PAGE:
Most fish (and seafood) is rich in vitamin B12 and the minerals iodine, phosphorus and selenium. It is a source of vitamin B6. Fish naturally contains protein and fat. Oily fish is also rich in vitamins D and B2 and contains vitamin A. Fish liver is rich in vitamin A. Fish contains iron, but less than meat because it contains less blood.

The following result is good, the result of mercury in urine in relation to creatinine may be 20 and there is a value of less than 3.5 measured. The bat value of mercury in professional blood tests may be up to 150 nmol / l.

mercury_from_urine

Allergy

Fish contains proteins that can cause allergic reactions. The European Union has therefore decided that fish is a food allergen that can cause hypersensitivity reactions and that this must be stated on the label. Fish allergy is something you notice immediately, you don't even have to test for it because the reaction is very dangerous and acute. It is also possible that your body just can't digest fish very well, this is called food intolerance.

If that is the case you can test with the whatmagiketen blood test

Fish can also become infected with pathogens

For example, listeria or salmonella. These cannot be seen with the naked eye, nor can you taste or smell them. Raw fish can also contain the parasite herring worm. When heated, pathogens are killed.

Harmful substances

Due to environmental pollution, other harmful substances may also occur in fish. Such as other heavy metals, dioxins, PCBs or pesticide residues. Predatory fish are most affected by pollution. This is especially true for large predatory fish, such as sharks and swordfish. Fish that only eat plants or plankton are less polluted. Fatty fish species are also more polluted than lean ones, because harmful substances are stored in the fat. In addition, the habitat plays a role. For example, fish from European waters are more polluted than fish from the Pacific Ocean. Certain Dutch waters contain more dioxin than is good for you. For these waters there is a ban on catching wild eel or wolf crab. It is important to be careful when eating home-caught fish as the water may be polluted. Farmed fish may also contain harmful substances. This is especially true if it is fed with fish meal and fish oil.

What can you get from too much mercury?

Consuming foods containing mercury is the most common cause of mercury poisoning. Mercury poisoning can cause serious symptoms and put the body at unnecessary risk. Mercury is a naturally occurring metal found in many everyday products, albeit in small amounts. Limited exposure is safe but an accumulation of mercury can be very dangerous.

Mercury is a liquid at room temperature and evaporates readily in the surrounding air. It is often a by-product of industrial processes, such as burning coal for energy. Vaporized mercury can end up in rain, soil and water, where it poses a risk to plants, animals and humans.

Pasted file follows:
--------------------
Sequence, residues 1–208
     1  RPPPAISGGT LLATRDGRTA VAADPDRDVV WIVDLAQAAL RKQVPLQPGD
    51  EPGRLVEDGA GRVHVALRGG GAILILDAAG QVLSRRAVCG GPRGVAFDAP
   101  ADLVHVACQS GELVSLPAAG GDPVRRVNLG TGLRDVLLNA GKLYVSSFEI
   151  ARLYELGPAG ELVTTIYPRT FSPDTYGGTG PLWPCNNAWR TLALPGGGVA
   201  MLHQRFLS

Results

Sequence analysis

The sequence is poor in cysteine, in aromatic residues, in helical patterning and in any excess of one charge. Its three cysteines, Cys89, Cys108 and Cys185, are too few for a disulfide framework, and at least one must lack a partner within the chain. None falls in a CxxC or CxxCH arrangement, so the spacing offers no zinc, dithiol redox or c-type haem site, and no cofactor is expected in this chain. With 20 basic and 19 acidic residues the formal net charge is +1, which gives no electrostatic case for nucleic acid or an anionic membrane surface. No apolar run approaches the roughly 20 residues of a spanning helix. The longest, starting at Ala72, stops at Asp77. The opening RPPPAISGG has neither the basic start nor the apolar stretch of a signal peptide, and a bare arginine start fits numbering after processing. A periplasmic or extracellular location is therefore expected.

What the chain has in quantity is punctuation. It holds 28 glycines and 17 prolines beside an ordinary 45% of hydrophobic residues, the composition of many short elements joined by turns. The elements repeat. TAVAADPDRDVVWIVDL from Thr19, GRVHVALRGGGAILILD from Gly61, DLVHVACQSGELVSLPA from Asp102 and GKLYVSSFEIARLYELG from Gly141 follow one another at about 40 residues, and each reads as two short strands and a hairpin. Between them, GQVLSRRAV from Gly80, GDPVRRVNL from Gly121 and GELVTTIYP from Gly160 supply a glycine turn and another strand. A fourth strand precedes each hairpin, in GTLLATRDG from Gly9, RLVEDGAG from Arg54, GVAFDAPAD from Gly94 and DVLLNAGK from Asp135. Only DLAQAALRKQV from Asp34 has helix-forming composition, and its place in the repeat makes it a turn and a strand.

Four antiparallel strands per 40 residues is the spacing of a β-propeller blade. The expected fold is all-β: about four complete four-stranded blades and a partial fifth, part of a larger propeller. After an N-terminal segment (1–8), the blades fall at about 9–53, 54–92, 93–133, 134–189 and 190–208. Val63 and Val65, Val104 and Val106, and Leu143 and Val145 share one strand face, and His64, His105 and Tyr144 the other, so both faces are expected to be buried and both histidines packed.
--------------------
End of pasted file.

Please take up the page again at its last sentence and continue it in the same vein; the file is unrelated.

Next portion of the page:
Swallowing or coming into contact with too much mercury can cause symptoms of mercury poisoning.

symptoms of mercury poisoning

Mercury can affect the nervous system, leading to neurological symptoms such as:

  • nervousness or anxiety
  • irritability or mood swings
  • numb feeling
  • memory problems
  • depression
  • physical vibrations

The more mercury in your body, the more likely you are to experience symptoms. These symptoms depend on a person's age and level of exposure. Adults with mercury poisoning may experience symptoms such as:

  • muscle weakness
  • metallic taste in the mouth
  • nausea and vomiting
  • lack of motor skills or feeling uncoordinated
  • inability to feel in the hands, face or other areas
  • changes in vision, hearing or speech
  • trouble breathing
  • difficulty in walking or standing upright

Mercury can also affect a child's early development. Children with mercury poisoning may show symptoms such as:

  • reduced motor skills
  • problems with thinking or problem solving
  • problems with learning to speak or understand language
  • hand-eye coordination problems
  • are physically unaware of their surroundings

Mercury poisoning tends to develop slowly over time if a person comes into contact with mercury frequently. In some cases, mercury poisoning occurs quickly and is associated with a specific incident.

Anyone experiencing sudden symptoms of mercury poisoning should call a doctor or poison control.

High levels of mercury in the blood can cause long-term neurological damage. These effects may be more pronounced in children who are still developing. A study in the Journal of Preventive Medicine and Public Health noted that many cases of mercury poisoning have resulted in long-term nerve damage, which can lead to:

  • intelligence disorders and low IQ
  • slow reflexes
  • damaged motoric system
  • paralysis
  • numb feeling
  • problems with memory and concentration
  • symptoms of ADHD
  • reproductive effects